Because they peddle one of the most basic and ubiquitous resources on the planet, bottled water companies are notorious for manufacturing demand for their products, often by resorting to old Madison Avenue mind games, like exploiting our subconscious interest in exclusivity or by suggesting that their products are more pure than tap water.
Perrier was once extolled as the “champagne of water.” For a time, Evian, partnered with fashion designer Christian Lacroix to sell its water in limited edition, blinged out bottles. Tibet Spring sources its water from the Himalayas. The list goes on—these companies and a bevy of competitors all seek to differentiate themselves while trying to make us forget that what they’re pushing isn’t much different from the stuff that flows from our taps for fractions of a penny per glass.
The latest entry into the bottled water market threatens to overshadow all of these in sheer preposterousness, thanks to Kona Deep and its “premium deep ocean water.” If the prospect of washing down your lunch (or cocktail hour crudités, if we’re still being fancy) with a mouthful of saltwater sounds unappealing, don’t worry, Kona Deep has you covered. This is not just any water from the ocean, it’s desalinated water from the ocean.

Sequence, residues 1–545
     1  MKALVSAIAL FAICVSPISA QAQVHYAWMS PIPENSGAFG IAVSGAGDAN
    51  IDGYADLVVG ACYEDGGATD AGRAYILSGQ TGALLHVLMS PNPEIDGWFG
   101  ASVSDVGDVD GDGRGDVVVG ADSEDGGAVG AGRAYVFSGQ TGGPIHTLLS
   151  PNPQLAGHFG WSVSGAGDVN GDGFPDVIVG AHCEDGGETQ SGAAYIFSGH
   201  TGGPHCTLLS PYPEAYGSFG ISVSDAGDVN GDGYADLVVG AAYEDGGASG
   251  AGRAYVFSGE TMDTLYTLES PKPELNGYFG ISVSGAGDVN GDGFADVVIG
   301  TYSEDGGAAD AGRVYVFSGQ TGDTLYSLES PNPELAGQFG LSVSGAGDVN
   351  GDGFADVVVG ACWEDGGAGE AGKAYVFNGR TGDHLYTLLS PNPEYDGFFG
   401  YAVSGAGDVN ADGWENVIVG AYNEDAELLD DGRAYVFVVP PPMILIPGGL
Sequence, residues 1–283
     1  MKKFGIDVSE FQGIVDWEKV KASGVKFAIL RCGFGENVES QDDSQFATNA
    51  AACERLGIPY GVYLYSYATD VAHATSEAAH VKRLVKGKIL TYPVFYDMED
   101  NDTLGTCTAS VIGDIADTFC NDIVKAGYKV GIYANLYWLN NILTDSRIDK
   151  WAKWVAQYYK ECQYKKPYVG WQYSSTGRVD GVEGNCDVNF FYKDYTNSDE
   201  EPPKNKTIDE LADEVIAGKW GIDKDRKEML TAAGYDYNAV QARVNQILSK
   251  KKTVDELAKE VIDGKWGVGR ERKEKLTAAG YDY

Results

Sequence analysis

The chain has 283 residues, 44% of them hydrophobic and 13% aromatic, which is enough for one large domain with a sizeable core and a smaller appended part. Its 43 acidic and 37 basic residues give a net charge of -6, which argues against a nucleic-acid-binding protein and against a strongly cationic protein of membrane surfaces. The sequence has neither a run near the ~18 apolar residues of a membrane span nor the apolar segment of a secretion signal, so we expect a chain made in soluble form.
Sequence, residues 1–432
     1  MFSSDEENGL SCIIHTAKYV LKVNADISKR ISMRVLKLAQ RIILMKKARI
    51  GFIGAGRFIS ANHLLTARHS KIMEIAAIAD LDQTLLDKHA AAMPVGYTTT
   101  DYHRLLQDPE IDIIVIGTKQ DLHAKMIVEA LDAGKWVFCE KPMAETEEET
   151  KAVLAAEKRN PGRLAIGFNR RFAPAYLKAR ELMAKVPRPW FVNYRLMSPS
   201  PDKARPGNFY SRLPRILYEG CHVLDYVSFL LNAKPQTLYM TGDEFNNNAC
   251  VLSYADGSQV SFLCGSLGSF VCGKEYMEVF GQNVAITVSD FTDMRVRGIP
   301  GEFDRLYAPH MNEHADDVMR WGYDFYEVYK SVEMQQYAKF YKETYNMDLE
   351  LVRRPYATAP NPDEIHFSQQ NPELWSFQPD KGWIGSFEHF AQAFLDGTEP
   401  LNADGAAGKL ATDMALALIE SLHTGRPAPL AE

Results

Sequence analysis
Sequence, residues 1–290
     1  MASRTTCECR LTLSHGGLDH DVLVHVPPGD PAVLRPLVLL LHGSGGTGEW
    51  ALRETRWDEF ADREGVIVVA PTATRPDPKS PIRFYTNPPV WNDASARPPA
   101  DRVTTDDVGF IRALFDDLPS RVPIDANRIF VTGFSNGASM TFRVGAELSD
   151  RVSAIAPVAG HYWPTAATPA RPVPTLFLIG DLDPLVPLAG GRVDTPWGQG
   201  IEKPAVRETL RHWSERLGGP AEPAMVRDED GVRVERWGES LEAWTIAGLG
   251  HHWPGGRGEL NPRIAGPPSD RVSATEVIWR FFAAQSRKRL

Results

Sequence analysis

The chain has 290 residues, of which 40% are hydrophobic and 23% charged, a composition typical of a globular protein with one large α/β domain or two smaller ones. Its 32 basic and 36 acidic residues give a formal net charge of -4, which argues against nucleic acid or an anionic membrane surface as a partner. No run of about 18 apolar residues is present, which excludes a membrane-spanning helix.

But water is not a luxury, it’s a human right, and the process of bottling water already squanders tons of resources. According to the Pacific Institute, the manufacturing, production and transportation of bottled water is 1,100 to 2,000 times as energy intensive as the treatment and distribution of tap water, using enough oil to fuel between 1.2 and 2.1 million cars a year. Then there’s the bottles themselves, which use up about 23,000 tons of plastic a year—the equivalent of between 0.8 million and 1.4 million barrels of oil—80 percent of which are not recycled.
Desalination, which separates salt from seawater in order to create fresh water for irrigation and drinking, is also a big energy drain. The National Research Council estimates that seawater desalination in California is nine times more energy intensive as surface water treatment and 14 times more energy intensive as groundwater treatment. Moreover, emissions from desalination plants contribute to global climate change. There’s also the cost—desalinated water is often twice as expensive as water from municipal systems, which ironically, is where much of the bottled water sold today comes from.
Bottled water is already a drain on our wallets and our resources; we don’t need to exacerbate its financial and environmental impacts by combining it with another irresponsible water extraction process, particularly for profit. Nor, should we intensify its negative effects on the environment by shipping in from Hawaii to the mainland—another significant waste of energy. But that’s exactly what Kona Deep is doing, even as it tries to romanticize its product by claiming it comes from “melted glacial water, which sunk into the ocean floor” over a millennium ago.
While that tagline sounds better than “it comes from the ocean, where slimy things live,” consumers would be wise to put down the Kona Deep and turn to the tap instead.